Impact of B-School Research

22 February 2008 at 11:20 am 4 comments

| Peter Klein |

The AACSB has released its Impact of Research Task Force Report. Key excerpt:

The Task Force believes that it is critical for business schools to find ways to continuously enhance the value and visibility of scholarship and research of all types — basic, applied, and pedagogical. Through its analysis, the Task Force has uncovered five issues that, if addressed by AACSB International, its member schools, and other organizations, could assist business schools to achieve their fullest potential from scholarship and research. First, current measures of intellectual contributions focus on inputs rather than outcomes. That is, the focus is on how faculty spend time (engagement in scholarship) and not on the value of outcomes produced (impact of scholarship on intended audiences). Second, business school and individual faculty incentives tend to create an overwhelming emphasis on discipline-based scholarship at the expense of contributions to practice and to pedagogical development. Third, the relationship between management research and teaching and the
mechanisms to support their interaction, especially when these functions are not always performed by the same people, are not well-understood. Fourth, there are inadequate channels for translating academic research to impact practice. Fifth, opportunities to support deeper, more continuous interaction between faculty and practicing managers on questions of relevance have not been fully developed.

The recommendations are fairly generic — require accredited schools to demonstrate the impact of faculty research, find ways to reward faculty for producing high-impact work, study more closely the links between scholarship, education, and practice, and so on. There’s less detail on exactly how impact should be measured, however. A few examples are given:

  • number of practitioners or firms adopting new approach or developed practice
  • awards by industry or professional associations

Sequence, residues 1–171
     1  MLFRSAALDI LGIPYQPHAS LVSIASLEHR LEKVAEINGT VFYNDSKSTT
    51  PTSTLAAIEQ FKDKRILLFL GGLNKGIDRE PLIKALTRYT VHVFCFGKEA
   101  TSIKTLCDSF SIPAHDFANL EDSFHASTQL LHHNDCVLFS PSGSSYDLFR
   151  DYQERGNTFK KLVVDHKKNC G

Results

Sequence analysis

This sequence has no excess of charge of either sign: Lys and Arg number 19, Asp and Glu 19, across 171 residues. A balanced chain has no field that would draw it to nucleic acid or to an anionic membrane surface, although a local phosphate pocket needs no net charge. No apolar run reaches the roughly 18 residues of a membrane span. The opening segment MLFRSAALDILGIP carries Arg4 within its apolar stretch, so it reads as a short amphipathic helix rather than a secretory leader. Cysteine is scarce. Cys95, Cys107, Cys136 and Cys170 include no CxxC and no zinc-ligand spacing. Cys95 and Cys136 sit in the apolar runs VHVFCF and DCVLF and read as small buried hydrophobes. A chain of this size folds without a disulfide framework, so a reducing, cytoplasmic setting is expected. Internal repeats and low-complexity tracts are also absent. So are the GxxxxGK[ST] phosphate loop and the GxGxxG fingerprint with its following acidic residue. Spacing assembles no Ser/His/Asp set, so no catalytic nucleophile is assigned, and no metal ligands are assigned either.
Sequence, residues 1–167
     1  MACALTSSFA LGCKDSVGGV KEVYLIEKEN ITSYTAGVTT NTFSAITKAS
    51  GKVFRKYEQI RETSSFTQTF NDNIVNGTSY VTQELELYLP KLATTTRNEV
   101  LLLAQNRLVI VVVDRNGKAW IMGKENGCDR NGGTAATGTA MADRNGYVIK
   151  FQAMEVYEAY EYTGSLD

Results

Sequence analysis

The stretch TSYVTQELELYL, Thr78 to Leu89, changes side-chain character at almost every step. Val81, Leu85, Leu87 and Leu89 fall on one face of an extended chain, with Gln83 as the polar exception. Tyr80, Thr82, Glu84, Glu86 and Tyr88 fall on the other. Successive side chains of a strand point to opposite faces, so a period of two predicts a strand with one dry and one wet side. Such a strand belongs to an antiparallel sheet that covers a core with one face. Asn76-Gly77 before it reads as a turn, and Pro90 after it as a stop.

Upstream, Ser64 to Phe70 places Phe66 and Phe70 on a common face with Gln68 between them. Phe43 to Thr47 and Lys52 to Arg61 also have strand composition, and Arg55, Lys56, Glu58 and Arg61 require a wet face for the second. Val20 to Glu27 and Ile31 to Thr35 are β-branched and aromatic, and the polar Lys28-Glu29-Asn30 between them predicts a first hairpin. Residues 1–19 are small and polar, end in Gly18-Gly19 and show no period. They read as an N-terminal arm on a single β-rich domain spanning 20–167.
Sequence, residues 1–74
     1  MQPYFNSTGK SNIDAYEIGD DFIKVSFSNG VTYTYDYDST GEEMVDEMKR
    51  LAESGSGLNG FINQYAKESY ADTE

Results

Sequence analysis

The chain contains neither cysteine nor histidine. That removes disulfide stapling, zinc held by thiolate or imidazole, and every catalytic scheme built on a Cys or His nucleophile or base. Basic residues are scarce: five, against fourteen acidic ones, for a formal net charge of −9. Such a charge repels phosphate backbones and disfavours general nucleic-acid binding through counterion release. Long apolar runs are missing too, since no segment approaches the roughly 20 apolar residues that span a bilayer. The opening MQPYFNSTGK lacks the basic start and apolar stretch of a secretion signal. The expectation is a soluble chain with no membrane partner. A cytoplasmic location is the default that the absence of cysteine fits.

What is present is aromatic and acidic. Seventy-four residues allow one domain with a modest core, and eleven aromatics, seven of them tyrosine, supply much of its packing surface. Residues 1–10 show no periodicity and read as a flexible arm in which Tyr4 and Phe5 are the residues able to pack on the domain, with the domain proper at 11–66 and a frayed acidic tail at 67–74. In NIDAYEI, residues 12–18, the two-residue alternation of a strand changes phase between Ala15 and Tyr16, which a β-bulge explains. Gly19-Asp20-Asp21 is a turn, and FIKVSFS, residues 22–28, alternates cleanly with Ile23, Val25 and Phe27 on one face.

• adoptions and integration in curricula of schools
  • sales of book
  • number of regional/national/international presentations
  • reviews in magazines (e.g., BusinessWeek, Forbes)

These are all fine, but it’s difficult to imagine criteria that can be applied consistently across disciplines, across types of research (basic versus applied), and so on.

Here is some commentary from Inside Higher Ed.

Entry filed under: - Klein -, Education, Institutions.

Economists with Verve Fun With Words

4 Comments Add your own

  • 1. brayden  |  22 February 2008 at 12:33 pm

    I can tell that I’m going to have an uneasy relationship with this AACSB thing.

  • 2. Donald A. Coffin  |  22 February 2008 at 1:12 pm

    This is another of the things that make me glad I’m retiring in the near future.

  • 3. tf  |  22 February 2008 at 10:58 pm

    I don’t quite understand the current “practical relevance” craze. Isn’t there a healthy division of labor already: some folks act as translators of ideas (as e.g., the likes of Gladwell have done with much social science research), many academics consult (presumably diffusing good research into practice), and some do the ‘basic’ research. Thats perhaps too simplistic.

  • 4. REW  |  25 February 2008 at 3:47 pm

    Relevance in research (in whatever metrics AASCB can conjure) permits deans of business to brag to external audiences when their MBA program is not rated in the top 30. Since B-school ratings are now currently driven by MBA rankings, this is a small step to convince the knuckleheads that there is more to the school mission. Maybe in Brayden’s lifetime will all research be treated with the same respect in B-schools that it has now in every other college/school/faculty in the multidivisional university, without recourse to whether it can be sold as consulting, exec ed, or a Barnes and Noble bestseller.

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